At the beginning of January, the last thing anybody wants to hear about is milk punch, am I right? Weeks of parties full of cloying egg nog, resolutions to get fit… there is no place in there for a punch made with milk. Or so I thought.
On New Year’s Eve the hubbs and I celebrated our 17th anniversary at the lovely Geraldine restaurant (1564 Queen Street West). The menu was resplendent with oysters, foie gras and duck, and despite a massive hangover from a party the night before I was tempted by a couple of the fabulous cocktails created by bar manager Michael Mooney. Specifically the Parisienne Milk Punch, inspired by the Jerry Thomas Bartender’s Guide from 1862,which balances absinthe with a variety of aromatics, juices, rums and tea along with milk. Milk? Ugh! I was skeptical, but our server convinced me with a “just wait and see!”
The end result is not a creamy, gloppy drink at all, but a light, refreshing, fruity cocktail that is surprisingly clear but also amusingly smooth. Flavourwise, it reminded me of a very intricate Tiger Tail ice cream, which is never a bad thing.
It turns out that the trick to this type of milk cocktail is to mix all of the fruit, juices, herbs and liquors together to infuse, then add hot milk… and let it curdle. Yep. The drink is then strained so that the curds are removed, leaving the whey of the milk behind to create that silky smoothness.
The folks at Geraldine were kind enough to share the recipe with Sarah Parniak of NOW last month in a piece about party punches, but the recipe serves 30, includes 14 ingredients, and must infuse for 48 hours. Easier to just head over to Geraldine where a single Parisienne Milk Punch will set you back $13 or get the “tea service” (for the table, wink wink) for $48.
Maybe Ricky and Julian (and pretty much every hard-drinking Nova Scotian) aren’t so dumb after all – rum is the hot “new” drink, and yes, you can have it with Coke. [Globe and Mail]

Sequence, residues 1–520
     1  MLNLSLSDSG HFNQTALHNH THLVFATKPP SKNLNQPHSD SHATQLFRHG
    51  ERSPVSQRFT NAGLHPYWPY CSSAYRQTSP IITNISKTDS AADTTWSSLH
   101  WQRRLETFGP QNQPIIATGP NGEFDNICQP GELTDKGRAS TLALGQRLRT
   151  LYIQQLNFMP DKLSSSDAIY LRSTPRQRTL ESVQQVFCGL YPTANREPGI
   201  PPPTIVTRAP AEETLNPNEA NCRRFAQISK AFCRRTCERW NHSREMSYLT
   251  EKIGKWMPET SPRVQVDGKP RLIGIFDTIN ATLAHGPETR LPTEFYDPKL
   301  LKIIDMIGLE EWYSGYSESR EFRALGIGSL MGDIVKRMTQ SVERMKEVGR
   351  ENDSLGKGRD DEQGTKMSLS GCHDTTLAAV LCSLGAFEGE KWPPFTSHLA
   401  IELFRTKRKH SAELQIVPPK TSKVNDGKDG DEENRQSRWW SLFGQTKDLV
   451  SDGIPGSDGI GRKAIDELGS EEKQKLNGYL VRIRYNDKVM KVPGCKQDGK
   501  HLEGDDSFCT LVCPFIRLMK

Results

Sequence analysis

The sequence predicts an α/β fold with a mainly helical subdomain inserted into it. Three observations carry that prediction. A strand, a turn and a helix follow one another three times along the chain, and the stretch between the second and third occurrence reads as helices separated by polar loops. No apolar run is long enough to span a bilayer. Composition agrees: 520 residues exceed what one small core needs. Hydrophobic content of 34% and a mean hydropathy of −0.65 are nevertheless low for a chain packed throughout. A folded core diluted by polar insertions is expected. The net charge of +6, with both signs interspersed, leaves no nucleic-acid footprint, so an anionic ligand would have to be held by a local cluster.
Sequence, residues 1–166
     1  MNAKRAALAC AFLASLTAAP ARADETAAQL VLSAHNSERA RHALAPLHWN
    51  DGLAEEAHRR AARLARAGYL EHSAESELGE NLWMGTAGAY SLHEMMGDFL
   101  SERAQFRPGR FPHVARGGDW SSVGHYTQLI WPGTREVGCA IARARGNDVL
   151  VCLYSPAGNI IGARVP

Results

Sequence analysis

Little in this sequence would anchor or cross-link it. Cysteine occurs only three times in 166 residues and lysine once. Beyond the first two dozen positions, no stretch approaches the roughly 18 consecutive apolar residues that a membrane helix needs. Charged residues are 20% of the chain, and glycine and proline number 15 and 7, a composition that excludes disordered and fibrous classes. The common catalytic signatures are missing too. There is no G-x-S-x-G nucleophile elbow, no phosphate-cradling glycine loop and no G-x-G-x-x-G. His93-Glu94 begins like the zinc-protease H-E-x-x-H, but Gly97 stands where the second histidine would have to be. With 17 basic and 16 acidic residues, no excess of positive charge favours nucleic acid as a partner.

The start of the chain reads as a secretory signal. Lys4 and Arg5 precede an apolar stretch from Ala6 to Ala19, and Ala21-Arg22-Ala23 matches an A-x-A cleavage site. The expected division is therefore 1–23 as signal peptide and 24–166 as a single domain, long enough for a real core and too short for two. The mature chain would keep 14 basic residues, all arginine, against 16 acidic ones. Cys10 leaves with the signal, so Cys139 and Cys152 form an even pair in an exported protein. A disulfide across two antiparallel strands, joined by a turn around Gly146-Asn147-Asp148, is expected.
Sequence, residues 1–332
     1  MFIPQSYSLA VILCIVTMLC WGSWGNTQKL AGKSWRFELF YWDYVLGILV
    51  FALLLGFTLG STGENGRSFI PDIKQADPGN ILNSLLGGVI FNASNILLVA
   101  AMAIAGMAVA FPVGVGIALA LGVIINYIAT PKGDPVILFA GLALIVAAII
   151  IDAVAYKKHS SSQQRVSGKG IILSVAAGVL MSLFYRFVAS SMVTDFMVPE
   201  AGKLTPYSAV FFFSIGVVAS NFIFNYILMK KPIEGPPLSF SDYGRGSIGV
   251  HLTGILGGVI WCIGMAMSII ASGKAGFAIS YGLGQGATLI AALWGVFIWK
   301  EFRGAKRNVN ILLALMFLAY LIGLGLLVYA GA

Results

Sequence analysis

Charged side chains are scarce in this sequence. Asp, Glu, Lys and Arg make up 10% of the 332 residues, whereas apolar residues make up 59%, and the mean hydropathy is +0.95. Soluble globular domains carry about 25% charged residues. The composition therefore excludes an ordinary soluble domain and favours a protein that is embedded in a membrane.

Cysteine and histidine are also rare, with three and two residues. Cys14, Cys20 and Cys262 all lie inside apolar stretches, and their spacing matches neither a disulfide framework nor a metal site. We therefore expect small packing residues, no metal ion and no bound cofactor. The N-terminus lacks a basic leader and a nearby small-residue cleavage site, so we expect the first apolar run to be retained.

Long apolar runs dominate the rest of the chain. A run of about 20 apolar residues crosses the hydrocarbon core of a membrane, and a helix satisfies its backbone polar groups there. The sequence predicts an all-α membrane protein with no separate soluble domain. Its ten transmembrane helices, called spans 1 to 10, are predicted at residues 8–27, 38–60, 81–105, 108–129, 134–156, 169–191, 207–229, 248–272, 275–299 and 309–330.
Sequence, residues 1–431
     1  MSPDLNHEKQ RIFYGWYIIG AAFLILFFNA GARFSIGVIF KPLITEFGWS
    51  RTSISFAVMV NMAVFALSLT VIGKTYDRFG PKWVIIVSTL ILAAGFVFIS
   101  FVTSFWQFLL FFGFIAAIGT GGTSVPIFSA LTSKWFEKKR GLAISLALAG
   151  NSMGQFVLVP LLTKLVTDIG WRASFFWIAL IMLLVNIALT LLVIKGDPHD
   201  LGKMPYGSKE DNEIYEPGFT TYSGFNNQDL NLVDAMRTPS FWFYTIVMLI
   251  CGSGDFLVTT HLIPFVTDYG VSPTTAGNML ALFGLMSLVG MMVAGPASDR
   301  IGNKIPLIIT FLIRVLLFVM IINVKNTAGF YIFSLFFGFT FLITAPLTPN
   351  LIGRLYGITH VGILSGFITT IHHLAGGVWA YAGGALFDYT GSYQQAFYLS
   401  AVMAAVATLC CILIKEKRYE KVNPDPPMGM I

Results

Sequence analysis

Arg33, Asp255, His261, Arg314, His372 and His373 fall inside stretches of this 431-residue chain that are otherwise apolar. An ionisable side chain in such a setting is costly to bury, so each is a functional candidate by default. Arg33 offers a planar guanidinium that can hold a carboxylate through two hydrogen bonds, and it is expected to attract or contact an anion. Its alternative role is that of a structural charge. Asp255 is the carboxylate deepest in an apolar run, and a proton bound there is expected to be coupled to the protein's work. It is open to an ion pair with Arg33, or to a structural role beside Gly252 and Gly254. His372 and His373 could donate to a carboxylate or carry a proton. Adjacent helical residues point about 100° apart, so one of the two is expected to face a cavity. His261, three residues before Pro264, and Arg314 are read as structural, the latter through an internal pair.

If you’ve been following the news in Toronto about how a Halloween party store has had multiple bomb scares during their busiest season, and wondering why on earth anyone would do such a thing, maybe it’s the same freaky sense of competition that compelled two Domino’s managers in Florida to set fire to a rival pizza joint. [Jacksonville.com]
I can’t believe I didn’t think to put the two together before. Baked beans are a traditional down east dish that I ate regularly as a kid, and still make a couple of times a year. Served up with real brown bread (bread made with molasses, not whole wheat bread), this is a perfect dish on a cold Saturday night in the winter. Also traditional on a cold winter’s night is a glass of rum, and the flavours here combine really well. I was a little heavy-handed with the rum in my test batch, thus the restrained 2 tablespoons in the ingredients list, but rum lovers can add up to a quarter of a cup. Just be warned that not all the alcohol burns off, so these beans have a bit of a kick to them.
I used Sailor Jerry spiced rum because I have seekrit aspirations to be a hipster, but mostly because that’s what I had on hand. But any decently flavoured spiced rum would do.
The Caribbean is known for its gorgeous beaches, laid back atmosphere and beautiful scenery. But food and drink connoisseurs might be more familiar with the other hilights of the Caribbean islands – particularly rum.
September 24th to 26th was Caribbean Week here in Toronto. Designed to promote travel and industry in the 32 Caribbean islands, the festival also featured an evening of Rum and Rhythm at the Harbourcastle Westin, where guests listened to the sounds of the Caribbean while sampling rum from the islands and culinary offerings from some of the Caribbean’s top chefs. Guests could sample a variety of rum and rum-based cocktails, and a buffet-style selection of Caribbean cuisine that included everything from salt fish to bread pudding.
We wisely filled up on some of the fabulous edible offerings first before hitting the rum and cocktail samples.
From the Bahamas, Chef Mario Adderley offered traditional rice and beans, an outstanding conch stew and apple bread pudding with a light rum sauce. Chef Vidyadhara Shetty from Cayman Islands prepared grilled swordfish, paired with a fruit salsa, and possibly the best rum cake we’ve ever eaten.
The culinary offerings from Chef Richardson Skinner of St. Lucia might well have been our favourite overall. Chef Skinner was serving up a salad of avocado and cucumber with figs in a lime dressing, fried plantains, salt fish and veggies and a ginger and coconut crème brûlée.